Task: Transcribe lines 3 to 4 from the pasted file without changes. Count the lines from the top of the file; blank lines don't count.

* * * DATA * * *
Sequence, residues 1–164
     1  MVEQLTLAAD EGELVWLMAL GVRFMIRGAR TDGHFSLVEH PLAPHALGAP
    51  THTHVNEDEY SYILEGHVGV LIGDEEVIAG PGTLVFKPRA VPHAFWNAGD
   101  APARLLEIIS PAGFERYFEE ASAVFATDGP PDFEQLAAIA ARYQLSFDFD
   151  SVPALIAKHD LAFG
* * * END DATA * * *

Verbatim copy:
    51  THTHVNEDEY SYILEGHVGV LIGDEEVIAG PGTLVFKPRA VPHAFWNAGD
   101  APARLLEIIS PAGFERYFEE ASAVFATDGP PDFEQLAAIA ARYQLSFDFD